Won’t You Be My Neighbor? Morgan Neville’s deeply moving documentary movie presents Fred Rogers as a man (and ordained minister) who saw his children’s TV show as a true calling, a sacred mission to provide something truly meaningful to children. Neville digs deep to push past Rogers' earnest exterior to reveal a penetrating sincerity that reduced the cynical and the callous to tears — the kind that Rogers would produce among adults by asking them to stop and think for 10 seconds about someone who “loved them into being.”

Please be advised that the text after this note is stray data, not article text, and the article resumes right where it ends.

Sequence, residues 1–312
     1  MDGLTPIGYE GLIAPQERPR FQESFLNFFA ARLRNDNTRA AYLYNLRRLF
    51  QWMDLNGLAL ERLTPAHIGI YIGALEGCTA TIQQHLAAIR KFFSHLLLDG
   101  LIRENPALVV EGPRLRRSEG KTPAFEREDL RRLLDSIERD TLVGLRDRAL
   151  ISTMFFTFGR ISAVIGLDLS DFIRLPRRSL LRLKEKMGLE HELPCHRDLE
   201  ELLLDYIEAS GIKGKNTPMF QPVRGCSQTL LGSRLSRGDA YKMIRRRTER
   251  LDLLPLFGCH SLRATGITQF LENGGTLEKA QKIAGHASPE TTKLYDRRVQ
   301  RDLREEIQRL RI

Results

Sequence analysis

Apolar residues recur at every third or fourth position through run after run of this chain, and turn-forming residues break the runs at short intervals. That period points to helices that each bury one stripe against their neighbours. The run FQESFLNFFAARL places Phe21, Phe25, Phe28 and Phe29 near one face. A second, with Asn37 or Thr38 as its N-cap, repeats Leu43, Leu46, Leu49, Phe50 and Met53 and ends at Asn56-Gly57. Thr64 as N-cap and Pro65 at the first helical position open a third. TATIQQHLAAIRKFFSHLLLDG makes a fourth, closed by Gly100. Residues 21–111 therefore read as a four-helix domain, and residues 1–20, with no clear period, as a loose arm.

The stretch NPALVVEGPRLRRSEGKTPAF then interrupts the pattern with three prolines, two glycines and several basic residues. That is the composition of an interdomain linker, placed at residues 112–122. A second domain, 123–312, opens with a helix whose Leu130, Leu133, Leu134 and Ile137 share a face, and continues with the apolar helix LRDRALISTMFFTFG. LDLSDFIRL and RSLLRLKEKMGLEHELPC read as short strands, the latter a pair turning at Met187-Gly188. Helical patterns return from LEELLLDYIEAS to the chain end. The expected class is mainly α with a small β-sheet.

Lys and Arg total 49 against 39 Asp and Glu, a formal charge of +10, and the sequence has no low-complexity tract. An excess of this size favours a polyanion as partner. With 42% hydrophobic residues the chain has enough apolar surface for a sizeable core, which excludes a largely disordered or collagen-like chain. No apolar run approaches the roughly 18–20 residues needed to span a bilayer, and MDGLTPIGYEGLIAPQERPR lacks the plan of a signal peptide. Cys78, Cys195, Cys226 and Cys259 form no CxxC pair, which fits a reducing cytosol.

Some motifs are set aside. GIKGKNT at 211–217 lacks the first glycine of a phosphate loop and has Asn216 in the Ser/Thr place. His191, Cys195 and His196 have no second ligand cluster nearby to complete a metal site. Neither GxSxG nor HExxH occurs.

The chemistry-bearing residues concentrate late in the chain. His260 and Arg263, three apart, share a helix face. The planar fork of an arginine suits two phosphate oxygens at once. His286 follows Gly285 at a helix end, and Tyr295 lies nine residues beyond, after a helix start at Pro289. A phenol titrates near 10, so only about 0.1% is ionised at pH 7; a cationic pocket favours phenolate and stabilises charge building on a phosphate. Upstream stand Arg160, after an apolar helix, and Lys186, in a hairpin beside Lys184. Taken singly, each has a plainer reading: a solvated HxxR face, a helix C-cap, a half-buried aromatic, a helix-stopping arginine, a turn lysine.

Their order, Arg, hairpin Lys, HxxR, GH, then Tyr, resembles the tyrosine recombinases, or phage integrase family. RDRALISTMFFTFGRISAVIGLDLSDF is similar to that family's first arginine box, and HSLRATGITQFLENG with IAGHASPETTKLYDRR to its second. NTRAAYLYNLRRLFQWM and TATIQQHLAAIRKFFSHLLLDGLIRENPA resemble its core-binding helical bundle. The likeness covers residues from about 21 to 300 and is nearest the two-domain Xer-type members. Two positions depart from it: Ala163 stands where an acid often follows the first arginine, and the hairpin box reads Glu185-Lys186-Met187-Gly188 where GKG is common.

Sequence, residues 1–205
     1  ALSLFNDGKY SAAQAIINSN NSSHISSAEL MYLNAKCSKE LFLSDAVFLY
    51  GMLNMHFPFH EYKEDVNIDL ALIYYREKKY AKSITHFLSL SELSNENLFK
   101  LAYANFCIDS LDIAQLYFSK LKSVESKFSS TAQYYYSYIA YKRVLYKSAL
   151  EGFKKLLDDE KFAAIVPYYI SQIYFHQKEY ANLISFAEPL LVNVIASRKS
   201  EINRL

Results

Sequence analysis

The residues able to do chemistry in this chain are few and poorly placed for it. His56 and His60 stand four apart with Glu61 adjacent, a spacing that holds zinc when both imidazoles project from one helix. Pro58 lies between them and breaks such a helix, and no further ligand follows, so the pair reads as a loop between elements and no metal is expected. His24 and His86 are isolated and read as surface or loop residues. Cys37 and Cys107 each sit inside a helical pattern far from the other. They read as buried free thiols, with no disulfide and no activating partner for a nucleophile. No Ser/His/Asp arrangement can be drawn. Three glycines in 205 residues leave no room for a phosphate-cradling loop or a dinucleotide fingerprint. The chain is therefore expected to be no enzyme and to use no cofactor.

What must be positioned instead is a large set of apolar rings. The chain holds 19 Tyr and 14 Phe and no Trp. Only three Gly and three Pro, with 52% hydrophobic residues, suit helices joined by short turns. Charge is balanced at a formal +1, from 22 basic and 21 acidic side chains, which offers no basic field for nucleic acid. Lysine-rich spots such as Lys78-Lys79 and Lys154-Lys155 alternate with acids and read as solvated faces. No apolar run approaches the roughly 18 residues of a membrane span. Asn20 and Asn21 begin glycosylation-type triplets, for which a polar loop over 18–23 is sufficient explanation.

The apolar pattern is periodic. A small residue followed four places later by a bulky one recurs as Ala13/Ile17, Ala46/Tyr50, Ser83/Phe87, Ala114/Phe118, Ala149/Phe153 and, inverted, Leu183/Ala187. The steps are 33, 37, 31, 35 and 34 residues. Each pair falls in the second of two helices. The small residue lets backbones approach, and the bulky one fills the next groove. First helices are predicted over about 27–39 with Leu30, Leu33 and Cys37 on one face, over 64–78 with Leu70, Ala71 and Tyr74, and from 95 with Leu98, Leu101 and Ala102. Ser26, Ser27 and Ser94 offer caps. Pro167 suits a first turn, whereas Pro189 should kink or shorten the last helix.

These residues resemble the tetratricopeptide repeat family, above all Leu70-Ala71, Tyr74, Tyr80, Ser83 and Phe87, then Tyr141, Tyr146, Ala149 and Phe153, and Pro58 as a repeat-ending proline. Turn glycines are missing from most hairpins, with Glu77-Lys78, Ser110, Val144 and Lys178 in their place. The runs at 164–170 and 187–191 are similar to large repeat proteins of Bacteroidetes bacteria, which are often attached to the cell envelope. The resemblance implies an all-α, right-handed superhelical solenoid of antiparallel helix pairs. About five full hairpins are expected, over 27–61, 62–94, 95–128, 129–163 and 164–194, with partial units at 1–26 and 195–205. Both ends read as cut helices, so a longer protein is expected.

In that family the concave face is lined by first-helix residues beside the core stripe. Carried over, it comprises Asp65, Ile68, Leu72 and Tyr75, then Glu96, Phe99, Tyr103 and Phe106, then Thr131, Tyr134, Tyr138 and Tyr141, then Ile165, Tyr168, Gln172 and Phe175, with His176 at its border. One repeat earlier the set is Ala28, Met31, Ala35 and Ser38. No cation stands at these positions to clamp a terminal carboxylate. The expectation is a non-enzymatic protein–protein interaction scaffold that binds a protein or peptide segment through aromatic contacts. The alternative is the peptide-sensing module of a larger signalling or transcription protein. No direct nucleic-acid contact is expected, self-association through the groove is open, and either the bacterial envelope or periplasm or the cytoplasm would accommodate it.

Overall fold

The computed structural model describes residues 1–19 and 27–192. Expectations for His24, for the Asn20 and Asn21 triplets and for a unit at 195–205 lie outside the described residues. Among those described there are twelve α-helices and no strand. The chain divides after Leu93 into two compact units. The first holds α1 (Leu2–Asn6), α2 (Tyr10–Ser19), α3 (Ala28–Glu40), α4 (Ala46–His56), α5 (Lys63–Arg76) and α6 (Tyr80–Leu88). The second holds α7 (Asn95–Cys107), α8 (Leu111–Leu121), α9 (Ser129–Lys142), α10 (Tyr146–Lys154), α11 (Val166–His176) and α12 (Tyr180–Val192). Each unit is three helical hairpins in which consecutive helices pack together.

After Auschwitz. When a gunman killed people at a Pittsburgh synagogue this year (literally in Mister Rogers’ Neighborhood of Squirrel Hill), and I read many of the victims were elderly, I immediately thought of this marvelous Jon Kean documentary, which played here for a week in one theater this year. If you need to reaffirm your belief in humanity, and in America, check it out. It introduces you to several women who survived Nazi death camps and examines lives they built in Los Angeles after the war. A half dozen women, a half dozen different approaches to living (some choose to remember, some don’t). Here are people who took the worst blow history could dish out and found a way to keep going, to survive, and to thrive. Fascinating and inspiring.